But also I wouldn't necessarily restrict myself to those things and would certainly support others. E.g. you mentioned marching with the SPOG's at Pride, and I support their anti-recruiting civil disobedience challenges, and expect to see more of that from other quarters and to support it.

    But you know the engagement with largely D & maybe some R mayors that I wrote about on another column came to me via CodePink. They are tactically and strategically flexible enough to engage and pressure in different ways -- get arrested in Congress, bird-dog candidates, see Mayors' Conference resolutions.

    The Recruiter Watch group in Portland is focused these days on inequities in the choices of high schools on which military recruiters focus, and not, you can guess the pattern, and on getting equal rights for counter-recruitment presence whenever recruiters are in the school. Confronting those policies requires dealing with the school committee. Guess who's on the school committee and what party/ies the belong to? Hint, it's not the International Socialist Organization, much as I respect the anti-war work some of my movement friends in the ISO do.

    Or look at Peace & Justice Works, a key and long-standing anti-imperialist group in town, one of whose leaders repeatedly violated the anti-Iraq sanctions under Clinton and Bush and was prosecuted for it, and who also does police accountability work in town. I don't know if he votes or not, I'm sure he's critical of Democrats.

    But he engages with the structures that need engaging to pursue certain ends. He doesn't go around calling everyone who is a Democrat a fascist-sympathizer ipso fact, and welcomes unity in action in campaigns with people who happen to vote D.

    Your assertion that people must agree with your take on how to respond to the dilemmas posed to us by a plebiscitary oligarchy in which our votes can influence some things but others not so much or else they cannot be "truly" challenging or confronting injustice is just false. It is a non sequitur.

    At this point I feel as if we've engaged in discussions on a number of threads sufficiently that I don't think there's more peruasion to be usefully accomplished by either of us in this context, so I probably won't be responding much in the future to provocations like this. I'll certainly welcome links to critical arguements you think worthwhile, and maybe if we meet non-virtually in some context of common work it will change matters.

  • Harry Kershner (unverified)
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    Chris: Frankly, I'm surprised by the degree of invective, but I can understand why you don't want to discuss this further. You have largely misrepresented my centrist positions, ignoring the issues that display the lack of "huge difference" between McBama in favor of screeds about my supposed demands for ideological uniformity.

    In answer to your question (I thought it was rhetorical): I don't know what you should do. That's up to you. I think you're making a tactical error in supporting the DP, but that doesn't suggest any particular action. As I told you on more than one occasion, nothing any of us has done has altered the terrible suffering that we Americans have inflicted on much of the world, and we are all responsible for doing something about it. This is part of what I'm doing.

  • Pat Malach (unverified)
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    I covered this issue at WMD way back in March.

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    Harry, you're calling me a neo-fascist symp and you're surprised at the "degree of invective"????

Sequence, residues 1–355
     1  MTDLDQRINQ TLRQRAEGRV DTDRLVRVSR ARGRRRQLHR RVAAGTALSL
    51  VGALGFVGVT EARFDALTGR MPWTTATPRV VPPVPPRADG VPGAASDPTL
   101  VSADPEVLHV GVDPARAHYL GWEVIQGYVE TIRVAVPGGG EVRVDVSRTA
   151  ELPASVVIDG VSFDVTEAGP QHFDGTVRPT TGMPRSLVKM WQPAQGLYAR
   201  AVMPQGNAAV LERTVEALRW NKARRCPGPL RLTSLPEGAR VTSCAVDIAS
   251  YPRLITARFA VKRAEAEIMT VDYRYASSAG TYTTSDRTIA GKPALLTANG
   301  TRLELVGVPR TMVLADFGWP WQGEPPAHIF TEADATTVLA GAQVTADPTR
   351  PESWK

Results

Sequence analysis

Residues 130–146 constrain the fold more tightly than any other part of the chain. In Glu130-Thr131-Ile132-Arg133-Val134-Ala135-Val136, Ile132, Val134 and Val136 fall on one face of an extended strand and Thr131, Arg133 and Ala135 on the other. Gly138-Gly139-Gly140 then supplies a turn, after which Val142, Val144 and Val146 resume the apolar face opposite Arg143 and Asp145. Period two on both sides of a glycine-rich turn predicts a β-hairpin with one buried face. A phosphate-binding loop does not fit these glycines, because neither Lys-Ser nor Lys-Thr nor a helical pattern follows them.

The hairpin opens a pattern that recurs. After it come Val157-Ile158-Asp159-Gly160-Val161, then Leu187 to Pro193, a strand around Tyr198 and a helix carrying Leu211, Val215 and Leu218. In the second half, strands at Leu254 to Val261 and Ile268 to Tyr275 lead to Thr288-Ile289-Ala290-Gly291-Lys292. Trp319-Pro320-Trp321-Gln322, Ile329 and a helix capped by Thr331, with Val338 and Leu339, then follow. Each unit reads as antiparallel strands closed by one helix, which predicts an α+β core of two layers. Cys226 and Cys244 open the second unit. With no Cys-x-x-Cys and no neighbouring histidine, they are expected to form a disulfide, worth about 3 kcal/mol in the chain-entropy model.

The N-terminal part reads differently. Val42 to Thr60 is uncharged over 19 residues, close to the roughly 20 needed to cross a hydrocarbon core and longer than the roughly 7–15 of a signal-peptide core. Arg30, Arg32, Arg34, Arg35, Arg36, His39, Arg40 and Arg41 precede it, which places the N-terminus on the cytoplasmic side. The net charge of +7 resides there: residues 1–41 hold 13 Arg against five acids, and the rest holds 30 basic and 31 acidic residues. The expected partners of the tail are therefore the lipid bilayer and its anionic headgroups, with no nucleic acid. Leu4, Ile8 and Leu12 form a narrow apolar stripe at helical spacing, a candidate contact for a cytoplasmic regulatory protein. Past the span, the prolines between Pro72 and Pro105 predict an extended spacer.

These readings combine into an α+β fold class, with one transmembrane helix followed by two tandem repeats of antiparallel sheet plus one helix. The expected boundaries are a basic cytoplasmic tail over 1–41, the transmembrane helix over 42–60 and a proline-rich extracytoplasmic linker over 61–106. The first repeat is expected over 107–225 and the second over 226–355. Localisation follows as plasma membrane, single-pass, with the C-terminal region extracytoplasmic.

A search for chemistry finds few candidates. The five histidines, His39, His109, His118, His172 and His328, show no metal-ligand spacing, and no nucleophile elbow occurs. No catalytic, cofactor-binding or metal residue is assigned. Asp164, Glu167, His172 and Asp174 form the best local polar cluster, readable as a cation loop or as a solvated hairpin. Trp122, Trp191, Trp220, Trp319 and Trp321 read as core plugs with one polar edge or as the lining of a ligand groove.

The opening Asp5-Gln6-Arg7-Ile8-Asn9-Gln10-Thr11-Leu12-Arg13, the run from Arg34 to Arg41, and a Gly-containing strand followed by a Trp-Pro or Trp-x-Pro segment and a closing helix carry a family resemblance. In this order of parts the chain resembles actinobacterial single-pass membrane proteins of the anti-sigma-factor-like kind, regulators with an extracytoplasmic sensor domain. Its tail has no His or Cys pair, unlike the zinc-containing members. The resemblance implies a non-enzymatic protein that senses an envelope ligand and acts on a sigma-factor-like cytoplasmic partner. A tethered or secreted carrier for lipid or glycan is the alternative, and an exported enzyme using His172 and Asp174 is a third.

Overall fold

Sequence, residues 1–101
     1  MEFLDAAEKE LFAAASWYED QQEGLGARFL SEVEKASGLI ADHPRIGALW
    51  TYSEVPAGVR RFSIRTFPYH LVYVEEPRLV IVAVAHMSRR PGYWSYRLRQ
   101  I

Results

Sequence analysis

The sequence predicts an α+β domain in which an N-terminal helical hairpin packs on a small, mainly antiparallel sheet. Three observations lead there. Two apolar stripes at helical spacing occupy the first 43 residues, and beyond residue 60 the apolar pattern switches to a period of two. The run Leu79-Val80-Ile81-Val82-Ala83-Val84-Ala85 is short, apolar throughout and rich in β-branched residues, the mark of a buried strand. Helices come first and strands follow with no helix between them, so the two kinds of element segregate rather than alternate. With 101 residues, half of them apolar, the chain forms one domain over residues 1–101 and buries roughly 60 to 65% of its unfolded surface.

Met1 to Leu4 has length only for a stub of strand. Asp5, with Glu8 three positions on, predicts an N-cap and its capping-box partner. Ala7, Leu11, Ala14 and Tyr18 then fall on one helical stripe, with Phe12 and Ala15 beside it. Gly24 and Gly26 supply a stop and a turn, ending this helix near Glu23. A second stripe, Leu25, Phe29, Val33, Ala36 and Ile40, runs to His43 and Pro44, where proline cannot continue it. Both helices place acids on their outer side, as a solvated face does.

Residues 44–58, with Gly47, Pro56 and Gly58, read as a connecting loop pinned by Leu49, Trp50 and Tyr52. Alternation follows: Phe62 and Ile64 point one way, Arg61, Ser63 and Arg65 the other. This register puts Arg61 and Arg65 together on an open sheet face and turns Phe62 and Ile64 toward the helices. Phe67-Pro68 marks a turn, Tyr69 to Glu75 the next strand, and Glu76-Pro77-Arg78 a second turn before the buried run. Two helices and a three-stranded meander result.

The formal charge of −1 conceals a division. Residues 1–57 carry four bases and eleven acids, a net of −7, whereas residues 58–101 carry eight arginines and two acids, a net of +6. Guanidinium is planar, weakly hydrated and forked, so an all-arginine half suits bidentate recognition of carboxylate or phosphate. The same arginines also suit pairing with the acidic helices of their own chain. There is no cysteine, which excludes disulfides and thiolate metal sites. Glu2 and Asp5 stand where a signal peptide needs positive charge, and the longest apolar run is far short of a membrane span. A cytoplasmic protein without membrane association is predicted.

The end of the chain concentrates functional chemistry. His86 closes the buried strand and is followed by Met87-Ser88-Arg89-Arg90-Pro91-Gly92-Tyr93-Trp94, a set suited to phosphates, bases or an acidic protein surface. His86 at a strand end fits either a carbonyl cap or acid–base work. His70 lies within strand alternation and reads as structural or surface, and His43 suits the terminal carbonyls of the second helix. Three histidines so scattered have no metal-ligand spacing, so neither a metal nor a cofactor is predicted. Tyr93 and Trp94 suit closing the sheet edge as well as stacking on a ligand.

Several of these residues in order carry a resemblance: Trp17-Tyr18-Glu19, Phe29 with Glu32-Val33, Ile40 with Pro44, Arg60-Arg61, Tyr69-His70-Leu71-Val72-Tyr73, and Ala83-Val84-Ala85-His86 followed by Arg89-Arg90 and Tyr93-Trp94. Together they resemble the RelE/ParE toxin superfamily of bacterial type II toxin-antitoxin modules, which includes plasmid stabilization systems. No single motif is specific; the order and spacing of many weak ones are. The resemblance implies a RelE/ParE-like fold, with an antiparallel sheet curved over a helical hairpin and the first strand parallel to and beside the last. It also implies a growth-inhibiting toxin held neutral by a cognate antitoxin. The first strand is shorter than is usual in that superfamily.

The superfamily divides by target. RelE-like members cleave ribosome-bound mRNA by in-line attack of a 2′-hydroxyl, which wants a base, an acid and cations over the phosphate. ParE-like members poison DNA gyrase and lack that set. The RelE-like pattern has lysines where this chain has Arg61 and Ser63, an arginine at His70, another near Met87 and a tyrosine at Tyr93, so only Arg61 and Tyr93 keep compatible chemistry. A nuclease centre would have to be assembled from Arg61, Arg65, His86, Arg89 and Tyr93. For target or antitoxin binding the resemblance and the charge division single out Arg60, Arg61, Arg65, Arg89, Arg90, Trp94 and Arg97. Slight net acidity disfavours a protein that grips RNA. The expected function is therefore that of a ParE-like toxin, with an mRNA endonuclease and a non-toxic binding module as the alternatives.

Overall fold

Man, you don't know what invective is. What I wrote is not invective. It's probably rather defensive in some ways, but it's not invective.

    I can quote this back to you and have it be word perect true of me as well "As I told you on more than one occasion, nothing any of us has done has altered the terrible suffering that we Americans have inflicted on much of the world, and we are all responsible for doing something about it. This is part of what I'm doing."

    You may not agree with the way I'm doing it, but I am doing it, according to my best lights which take into quite great account the areas in which there are not much difference as well as the ones where there are. We evidently derive different conclusions about what might work, but that doesn't mean that I'm ignoring the places of similarity. It means that I'm drawing different conclusions for what they should mean at this moment in the totality of the political choices that I seem to face.

    If you want to say, "I think you're making a tactical error in choosing what you're doing in supporting Obama," we can talk about that. I'd have a genuine interest in what the other tactical possibilities you see are, and why or in what way you think they'd be effective, and why you aren't concerned, or decide to put aside the concerns, that lead me to deciding to vote for Obama this year (but led me to vote for Nader in 1996 and to put genuine effort into building a Labor Party with an independent social and material base for a period in the late 1990s). I'd expect to learn something from such a conversation, and hope you might as well.

    But if I took an action that actually made me into a "neo-fascist symp" -- and symp, sympathizer, involves an assertion of conscious sympathy with fascism here -- which nothing have done or plan to do, including vote for Obama will actually do, it would not be a tactical error, it would be an entire reversal of my actual values, intentions and sympathies. And for you to level that charge is at minimum a statement of the profoundest contempt and actually if I understand your outlook on things probably really is a declaration of enmity.

    Words mean things. Distinctions matter and differences are real. Their significance on different scales varies of goals and within different time frames varies. Same for goals.

    Either you don't know what real fascism is, or you're engaged in verbal bullying. Since I think you probably do know what real fascism is, I conclude that you're engaging in verbal bullying. Which makes the point of continued discussion hard to see.